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Why Is Adderall Addictive?

By Kyle Kirkland
Adderall can be helpful, but it can also lead to addiction. Here is what the experts say on why Adderall can be addictive and the dangers of abusing it.

Adderall is a combination of amphetamine and dextroamphetamine that is commonly used to treat attention-deficit/hyperactivity disorder (ADHD). According to a 2018 study published in The American Journal of Psychiatry, over 6% of adults in the United States have used prescription stimulants like Adderall. With such a large number of people using it and the potential for abuse, we wanted to know what makes Adderall so addictive.  

What Makes Adderall Addictive?

“Adderall is addictive largely because of its stimulant qualities,” Jenna Liphart Rhoads, PhD and nurse educator, tells WebMD Connect to Care. People often take Adderall for help with focus and academic performance. It is also used to elevate mood and decrease appetite.

“The medication works by increasing dopamine—a ‘feel-good’ hormone—and norepinephrine levels in the central nervous system—the brain,” Rhoads says. People can get used to these high levels of dopamine and norepinephrine over time and feel dependent on the drug.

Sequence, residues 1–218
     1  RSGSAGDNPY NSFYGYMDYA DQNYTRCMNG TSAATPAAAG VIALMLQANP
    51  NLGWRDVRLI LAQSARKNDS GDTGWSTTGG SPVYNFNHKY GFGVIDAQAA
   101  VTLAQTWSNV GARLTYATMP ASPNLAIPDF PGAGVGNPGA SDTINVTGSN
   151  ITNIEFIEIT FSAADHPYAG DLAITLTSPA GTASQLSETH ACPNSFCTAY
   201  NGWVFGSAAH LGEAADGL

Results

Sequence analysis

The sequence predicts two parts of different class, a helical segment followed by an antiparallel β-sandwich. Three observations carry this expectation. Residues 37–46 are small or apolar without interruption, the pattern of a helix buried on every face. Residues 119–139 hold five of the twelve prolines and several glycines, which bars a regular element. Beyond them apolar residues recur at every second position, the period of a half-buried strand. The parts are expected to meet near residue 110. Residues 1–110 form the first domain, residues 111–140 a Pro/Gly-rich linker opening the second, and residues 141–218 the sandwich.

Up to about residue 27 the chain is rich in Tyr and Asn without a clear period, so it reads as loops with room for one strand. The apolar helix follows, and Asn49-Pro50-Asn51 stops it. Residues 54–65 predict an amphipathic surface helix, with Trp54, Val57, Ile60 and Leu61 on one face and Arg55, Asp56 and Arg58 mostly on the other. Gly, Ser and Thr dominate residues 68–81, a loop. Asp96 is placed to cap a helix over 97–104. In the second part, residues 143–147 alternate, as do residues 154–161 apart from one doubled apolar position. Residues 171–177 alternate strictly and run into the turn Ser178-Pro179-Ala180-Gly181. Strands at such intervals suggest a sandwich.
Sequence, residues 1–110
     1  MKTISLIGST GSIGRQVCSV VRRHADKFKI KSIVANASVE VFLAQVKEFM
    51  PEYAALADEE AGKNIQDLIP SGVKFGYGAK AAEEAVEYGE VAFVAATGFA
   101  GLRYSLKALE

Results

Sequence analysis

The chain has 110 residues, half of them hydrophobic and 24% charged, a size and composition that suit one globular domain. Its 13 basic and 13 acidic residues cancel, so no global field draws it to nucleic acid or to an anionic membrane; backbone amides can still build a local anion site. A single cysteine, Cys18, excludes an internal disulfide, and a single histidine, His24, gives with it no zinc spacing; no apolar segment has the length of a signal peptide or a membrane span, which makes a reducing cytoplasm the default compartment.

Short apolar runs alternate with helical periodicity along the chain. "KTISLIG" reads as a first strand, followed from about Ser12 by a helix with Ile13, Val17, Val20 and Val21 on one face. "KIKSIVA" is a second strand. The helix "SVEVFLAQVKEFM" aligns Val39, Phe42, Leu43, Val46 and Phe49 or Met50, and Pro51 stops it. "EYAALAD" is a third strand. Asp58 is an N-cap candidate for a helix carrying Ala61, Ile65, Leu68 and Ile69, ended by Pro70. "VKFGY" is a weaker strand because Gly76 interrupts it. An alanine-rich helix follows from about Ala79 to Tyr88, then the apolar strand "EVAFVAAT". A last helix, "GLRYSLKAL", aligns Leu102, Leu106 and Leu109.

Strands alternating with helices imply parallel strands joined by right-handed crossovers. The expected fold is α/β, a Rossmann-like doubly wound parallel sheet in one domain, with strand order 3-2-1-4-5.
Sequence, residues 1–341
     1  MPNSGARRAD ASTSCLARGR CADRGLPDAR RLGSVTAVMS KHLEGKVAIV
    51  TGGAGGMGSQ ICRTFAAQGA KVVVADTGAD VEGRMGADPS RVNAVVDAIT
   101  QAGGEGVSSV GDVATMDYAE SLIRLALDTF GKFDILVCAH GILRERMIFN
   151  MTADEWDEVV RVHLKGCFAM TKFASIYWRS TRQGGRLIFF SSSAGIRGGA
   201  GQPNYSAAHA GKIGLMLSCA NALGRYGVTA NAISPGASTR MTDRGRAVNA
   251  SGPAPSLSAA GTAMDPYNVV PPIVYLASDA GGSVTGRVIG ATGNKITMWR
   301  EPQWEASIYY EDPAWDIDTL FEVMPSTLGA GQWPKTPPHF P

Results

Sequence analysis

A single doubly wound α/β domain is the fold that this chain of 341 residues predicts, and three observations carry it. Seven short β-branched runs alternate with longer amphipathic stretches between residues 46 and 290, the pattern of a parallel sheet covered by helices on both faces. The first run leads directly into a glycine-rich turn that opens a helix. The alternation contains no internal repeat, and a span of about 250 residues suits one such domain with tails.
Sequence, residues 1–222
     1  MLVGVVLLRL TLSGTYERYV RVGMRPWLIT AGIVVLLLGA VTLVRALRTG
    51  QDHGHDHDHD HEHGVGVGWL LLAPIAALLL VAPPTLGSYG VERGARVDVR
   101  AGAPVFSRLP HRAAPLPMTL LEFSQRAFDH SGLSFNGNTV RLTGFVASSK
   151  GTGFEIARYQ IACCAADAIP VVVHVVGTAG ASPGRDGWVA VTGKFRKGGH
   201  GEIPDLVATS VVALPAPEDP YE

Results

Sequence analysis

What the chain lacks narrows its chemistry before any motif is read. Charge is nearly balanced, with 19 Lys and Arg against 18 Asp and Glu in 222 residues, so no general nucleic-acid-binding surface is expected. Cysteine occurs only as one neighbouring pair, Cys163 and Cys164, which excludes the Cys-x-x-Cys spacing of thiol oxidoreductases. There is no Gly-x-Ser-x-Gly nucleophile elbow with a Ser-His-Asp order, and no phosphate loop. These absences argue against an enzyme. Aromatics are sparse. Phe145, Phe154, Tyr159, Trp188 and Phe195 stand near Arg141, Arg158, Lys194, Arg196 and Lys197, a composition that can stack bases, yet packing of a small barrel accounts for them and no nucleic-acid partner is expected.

“With increasing pressures to perform and availability of stimulant medications,” Lauren Madden, licensed clinical professional counselor and clinical supervisor of the Gateway Foundation, tells WebMD Connect to Care, “Adderall provides an opportunity for substance abuse due to its popularity and perceived minimal risk among those with—or without—a formal diagnosis.”

Signs of Adderall abuse can include: 

  • Taking more than the recommended dose
  • Mixing the drug with other substances, like alcohol
  • Injecting the drug

Dangers of Adderall Abuse

Madden says the potential side effects of Adderall abuse include:

  • Headaches
  • Poor sleep
  • Increased anxiety and depression
  • Seizures
  • Stimulant-induced psychosis

But taking Adderall can affect you in other ways. Rhoads says the dangers of Adderall abuse include:

  • Depression when not using the medication because the person’s brain has become used to the high levels of dopamine
  • Experimenting with other drugs because the “high” of Adderall is no longer enough
  • The possibility of the drug being mixed with dangerous chemicals (if it is not medically prescribed)

Some of these side effects and dangers may not seem like much, but identifying them early is critical to preventing further issues or addiction.

A drug people may start using to replicate the “high” from Adderall is methamphetamine. Although methamphetamine is illegal, according to the 2017 National Survey on Drug Use and Health, over 1.6 million people who responded had used methamphetamine in the past year.

Don’t Wait. Get Help Now.

If you or a loved one are struggling with addiction, WebMD Connect to Care Advisors are standing by to help.

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